The automobile had so dramatically changed the American way of life that the country’s first paved highway became synonymous with opportunity, adventure and exploration. More than just a road, Route 66 became a part of American culture, spawning hit songs and even a television series.
Connecting Chicago with Los Angeles, the “Main Street of America,” as 66 was once known, served as a major artery for westward migration. Later, its path through Arizona’s Painted Desert and near Grand Canyon established it as a thoroughfare for vacationers. Without the benefit of today’s highway speeds a trip along its 2,448 miles, from the Heartland to the Coast, might have taken a week or more.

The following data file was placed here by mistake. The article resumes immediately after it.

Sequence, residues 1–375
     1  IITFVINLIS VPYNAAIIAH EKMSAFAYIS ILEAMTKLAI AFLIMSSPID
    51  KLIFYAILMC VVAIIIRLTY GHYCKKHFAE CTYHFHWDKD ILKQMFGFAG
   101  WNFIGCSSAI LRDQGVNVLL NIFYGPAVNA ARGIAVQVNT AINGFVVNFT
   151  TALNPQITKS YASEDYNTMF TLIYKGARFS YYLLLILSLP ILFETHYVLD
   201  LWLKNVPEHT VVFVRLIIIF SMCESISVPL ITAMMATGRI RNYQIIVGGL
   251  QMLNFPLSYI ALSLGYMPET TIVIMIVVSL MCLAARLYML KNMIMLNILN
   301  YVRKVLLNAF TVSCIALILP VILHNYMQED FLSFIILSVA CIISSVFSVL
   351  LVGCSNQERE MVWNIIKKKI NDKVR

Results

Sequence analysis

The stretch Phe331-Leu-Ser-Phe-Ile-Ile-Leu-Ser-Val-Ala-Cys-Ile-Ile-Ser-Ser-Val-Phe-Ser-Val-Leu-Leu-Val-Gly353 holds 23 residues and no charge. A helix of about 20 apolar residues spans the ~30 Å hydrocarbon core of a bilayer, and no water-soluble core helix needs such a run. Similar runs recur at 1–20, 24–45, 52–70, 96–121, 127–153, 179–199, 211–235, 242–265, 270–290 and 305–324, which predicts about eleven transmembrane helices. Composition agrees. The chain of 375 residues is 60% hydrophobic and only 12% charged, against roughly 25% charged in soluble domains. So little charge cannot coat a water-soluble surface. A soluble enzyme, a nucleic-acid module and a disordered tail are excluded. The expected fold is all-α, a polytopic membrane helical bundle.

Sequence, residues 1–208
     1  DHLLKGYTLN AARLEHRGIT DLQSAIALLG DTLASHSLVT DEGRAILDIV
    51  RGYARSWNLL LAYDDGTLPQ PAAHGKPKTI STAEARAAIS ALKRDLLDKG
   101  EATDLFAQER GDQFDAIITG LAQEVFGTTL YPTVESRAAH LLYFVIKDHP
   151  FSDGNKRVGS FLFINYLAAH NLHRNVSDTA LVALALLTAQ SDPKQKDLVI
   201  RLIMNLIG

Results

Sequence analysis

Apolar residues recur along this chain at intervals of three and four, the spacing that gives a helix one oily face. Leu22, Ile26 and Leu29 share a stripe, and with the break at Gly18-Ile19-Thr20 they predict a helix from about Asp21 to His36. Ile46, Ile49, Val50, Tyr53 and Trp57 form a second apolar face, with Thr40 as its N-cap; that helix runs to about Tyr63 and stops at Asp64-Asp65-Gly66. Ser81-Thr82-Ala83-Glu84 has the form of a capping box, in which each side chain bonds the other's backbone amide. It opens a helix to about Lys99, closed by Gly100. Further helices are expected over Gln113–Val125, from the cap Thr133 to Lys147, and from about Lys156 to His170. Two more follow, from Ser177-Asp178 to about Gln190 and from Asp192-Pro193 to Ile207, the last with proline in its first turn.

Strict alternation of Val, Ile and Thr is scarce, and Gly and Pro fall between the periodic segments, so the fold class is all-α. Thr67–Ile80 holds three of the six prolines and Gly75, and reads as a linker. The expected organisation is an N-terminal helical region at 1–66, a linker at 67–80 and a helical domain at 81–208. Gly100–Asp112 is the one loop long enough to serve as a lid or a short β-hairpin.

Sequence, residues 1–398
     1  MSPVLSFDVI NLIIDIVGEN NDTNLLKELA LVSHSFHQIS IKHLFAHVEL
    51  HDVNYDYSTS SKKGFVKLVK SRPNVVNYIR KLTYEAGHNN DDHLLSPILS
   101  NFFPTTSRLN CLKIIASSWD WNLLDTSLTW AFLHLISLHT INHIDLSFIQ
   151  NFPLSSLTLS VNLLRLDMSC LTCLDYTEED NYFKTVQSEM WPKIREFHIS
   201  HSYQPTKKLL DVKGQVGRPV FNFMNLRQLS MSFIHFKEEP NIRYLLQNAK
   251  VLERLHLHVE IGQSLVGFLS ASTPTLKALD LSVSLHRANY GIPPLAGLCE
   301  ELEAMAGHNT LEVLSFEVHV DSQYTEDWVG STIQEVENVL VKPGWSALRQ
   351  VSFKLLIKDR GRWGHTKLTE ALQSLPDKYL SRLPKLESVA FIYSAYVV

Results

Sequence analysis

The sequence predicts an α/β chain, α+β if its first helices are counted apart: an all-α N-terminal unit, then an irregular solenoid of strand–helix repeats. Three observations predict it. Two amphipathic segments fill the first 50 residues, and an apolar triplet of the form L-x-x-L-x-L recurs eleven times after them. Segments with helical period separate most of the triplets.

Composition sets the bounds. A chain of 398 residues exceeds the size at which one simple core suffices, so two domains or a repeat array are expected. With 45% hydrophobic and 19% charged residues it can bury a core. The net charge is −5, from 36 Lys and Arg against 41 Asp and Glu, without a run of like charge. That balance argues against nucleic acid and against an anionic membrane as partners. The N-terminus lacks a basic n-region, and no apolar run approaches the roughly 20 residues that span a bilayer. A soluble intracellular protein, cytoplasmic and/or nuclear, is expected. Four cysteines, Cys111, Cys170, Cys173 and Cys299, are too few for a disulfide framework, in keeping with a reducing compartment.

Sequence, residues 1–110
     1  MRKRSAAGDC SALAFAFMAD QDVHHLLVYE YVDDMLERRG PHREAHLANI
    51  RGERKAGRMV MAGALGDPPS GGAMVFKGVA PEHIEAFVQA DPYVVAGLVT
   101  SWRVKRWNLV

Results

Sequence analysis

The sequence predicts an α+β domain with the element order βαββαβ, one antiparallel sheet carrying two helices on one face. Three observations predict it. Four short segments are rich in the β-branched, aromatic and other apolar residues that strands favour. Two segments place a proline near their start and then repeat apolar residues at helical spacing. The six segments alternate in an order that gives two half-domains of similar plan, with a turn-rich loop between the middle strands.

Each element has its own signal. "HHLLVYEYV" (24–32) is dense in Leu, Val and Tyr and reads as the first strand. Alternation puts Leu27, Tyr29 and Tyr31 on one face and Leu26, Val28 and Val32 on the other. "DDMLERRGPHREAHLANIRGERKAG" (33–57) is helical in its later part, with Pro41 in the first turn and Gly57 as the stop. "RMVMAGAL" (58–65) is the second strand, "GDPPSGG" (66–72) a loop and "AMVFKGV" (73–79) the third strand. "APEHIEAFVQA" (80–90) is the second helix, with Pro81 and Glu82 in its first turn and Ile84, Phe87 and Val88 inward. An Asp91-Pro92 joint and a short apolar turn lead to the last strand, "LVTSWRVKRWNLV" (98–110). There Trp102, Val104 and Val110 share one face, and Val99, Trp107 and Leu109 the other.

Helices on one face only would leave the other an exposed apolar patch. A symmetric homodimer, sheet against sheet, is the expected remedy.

Route 66 has since been replaced with a more efficient interstate highway system. But many communities preserved portions of the route as scenic byways or to serve local traffic. In other places, the road is gone but tributes remain – like this 1931 Studebaker that pays homage to the section of road that traversed an area we know today as Petrified Forest National Park.